Solar-Heliospheric-Ionospheric (SHI) Science is one of the primary goals of the MWA development. The main objective is to improve our understanding of the interaction of the Sun with the heliosphere and the terrestrial atmosphere, with particular emphasis on the effects of solar disturbances such as bursts and coronal mass ejections. Innovative remote sensing techniques will be applied for the MWA to track the disturbances from the solar surface to the Earth's environment. The MWA specifications are ideally suited for these techniques, particularly its frequency coverage, wide field of view, and multi-beaming capabilities. The results of the planned observations and demonstrations will make an important contributions to the US and International National Space Weather Programs.

A summary of the MWA characteristics they relate to its application for space weather studies is given in: Salah et al., Space weather capabilities of low frequency radio arrays, 2005.

The first community workshop on SHI science was held at MIT on 1 November 2006. The agenda and links to the papers presented at that workshop can be found at SHI Workshop (Nov 06).

A review of the SHI science goals, measurement techniques and analysis plans was conducted on 5-6 December 2007, as part of the MWA project review at Waikaloa, Hawaii. The agenda and links to the papers presented at that workshop can be found at SHI Review (Dec 07). A summary of the review and the resulting action items are documented at SHI Review Summary and Action Items.

There are four major components of the SHI Science, as outlined below. These include:

  1. Faraday Rotation (FR): This component is aimed at observing the Faraday rotation of radio sources that are occulted by heliospheric plasma to provide a measure of the magnetic fields in this plasma, with primary emphasis on Coronal Mass Ejections (CME).
  2. Inter-Planetary Scintillations (IPS): This component is aimed at measuring the scintillations of radio sources to provide a measure of the density and velocity of heliospheric plasma.
  3. Solar Burst Imaging (SBI): This component is aimed at imaging solar bursts with primary emphasis on Type II bursts to connect their development and evolution with heliospheric plasma disturbances such as CMEs. Type III bursts will also be imaged.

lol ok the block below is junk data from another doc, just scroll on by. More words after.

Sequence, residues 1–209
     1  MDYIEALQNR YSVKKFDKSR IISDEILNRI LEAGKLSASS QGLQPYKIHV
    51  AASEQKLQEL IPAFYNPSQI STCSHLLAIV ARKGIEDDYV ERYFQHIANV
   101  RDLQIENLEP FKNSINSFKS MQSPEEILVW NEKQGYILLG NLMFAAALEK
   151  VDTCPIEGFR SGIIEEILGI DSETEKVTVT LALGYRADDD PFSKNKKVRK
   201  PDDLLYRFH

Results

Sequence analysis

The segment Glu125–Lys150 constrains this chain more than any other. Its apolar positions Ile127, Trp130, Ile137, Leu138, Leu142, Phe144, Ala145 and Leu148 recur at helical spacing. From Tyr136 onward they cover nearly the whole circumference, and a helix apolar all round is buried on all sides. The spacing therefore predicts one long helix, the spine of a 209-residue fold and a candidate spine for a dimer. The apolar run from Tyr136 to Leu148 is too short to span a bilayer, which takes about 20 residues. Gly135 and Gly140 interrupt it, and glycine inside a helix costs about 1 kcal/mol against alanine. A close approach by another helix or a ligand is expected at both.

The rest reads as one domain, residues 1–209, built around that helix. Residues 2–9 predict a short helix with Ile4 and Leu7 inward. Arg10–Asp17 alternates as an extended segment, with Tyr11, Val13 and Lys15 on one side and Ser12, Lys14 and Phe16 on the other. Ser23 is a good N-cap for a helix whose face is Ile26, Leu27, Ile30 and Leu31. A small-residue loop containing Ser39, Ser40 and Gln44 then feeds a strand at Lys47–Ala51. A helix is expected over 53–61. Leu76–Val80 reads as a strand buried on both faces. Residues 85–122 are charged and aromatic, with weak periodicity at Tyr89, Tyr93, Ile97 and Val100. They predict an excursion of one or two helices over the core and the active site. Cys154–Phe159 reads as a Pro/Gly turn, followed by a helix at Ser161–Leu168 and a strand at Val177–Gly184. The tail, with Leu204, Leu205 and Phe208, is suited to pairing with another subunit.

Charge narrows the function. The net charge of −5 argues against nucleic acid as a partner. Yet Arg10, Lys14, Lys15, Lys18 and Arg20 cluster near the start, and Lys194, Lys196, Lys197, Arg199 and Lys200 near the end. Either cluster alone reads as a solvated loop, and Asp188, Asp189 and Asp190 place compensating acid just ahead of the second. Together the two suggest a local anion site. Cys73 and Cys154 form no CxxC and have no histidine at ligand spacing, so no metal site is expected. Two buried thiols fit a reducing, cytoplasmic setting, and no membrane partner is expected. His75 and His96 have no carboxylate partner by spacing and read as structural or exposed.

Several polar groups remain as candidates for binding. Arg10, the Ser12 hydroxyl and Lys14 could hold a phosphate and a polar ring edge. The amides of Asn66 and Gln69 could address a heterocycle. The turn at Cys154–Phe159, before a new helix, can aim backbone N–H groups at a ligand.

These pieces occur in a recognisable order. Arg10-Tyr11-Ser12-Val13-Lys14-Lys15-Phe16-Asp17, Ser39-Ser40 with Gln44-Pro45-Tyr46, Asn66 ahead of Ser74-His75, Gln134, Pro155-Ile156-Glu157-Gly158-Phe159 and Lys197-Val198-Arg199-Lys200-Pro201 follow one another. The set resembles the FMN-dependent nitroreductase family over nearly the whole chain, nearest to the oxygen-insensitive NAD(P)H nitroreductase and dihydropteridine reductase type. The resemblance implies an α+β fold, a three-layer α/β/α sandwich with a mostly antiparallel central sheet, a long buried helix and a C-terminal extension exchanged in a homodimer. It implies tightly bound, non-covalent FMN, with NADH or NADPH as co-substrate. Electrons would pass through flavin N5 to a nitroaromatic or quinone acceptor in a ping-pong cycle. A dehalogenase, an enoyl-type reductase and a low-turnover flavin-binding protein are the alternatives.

4. Ionospheric Structure (IS): This component is aimed at exploiting the results of the MWA calibration which must accurately account for ionospheric distortions of the signals it receives at its low frequencies of its operations. The calibration is expected to result in information about small scale fluctuations in the Earth's ionosphere. In addition, the use of dual-frequency GPS receivers will provide information to help in the MWA calibration and the FR subsystem calibration, and will be used in the IS studies. The MWA ionospheric byproducts will be pursued on a best effort basis.

The SHI science collaboration is outlined in an organizational document which describes the terms of reference for this activity, the membership, and coordinating committee: SHI Collaboration document

A list of SHI tasks and the primary schedule milestones are described in: SHI Tasks and Schedule Milestones

An assessment of SHI risks is given in: SHI Risk Assessment


SHI Science Project Proposals

  1. A follow up study of the weak impulsive quiet sun emissions - Divya Oberoi, 10 July, 2020

  2. Radio exploration of a weak long duration X-ray flare observed by the XSM payload on board Chandrayaan-2 - Divya Oberoi, 07 Dec, 2020
  3. Absolute flux density calibration of the Sun using in-field sources with the MWA - Divya Oberoi, 07 Dec, 2020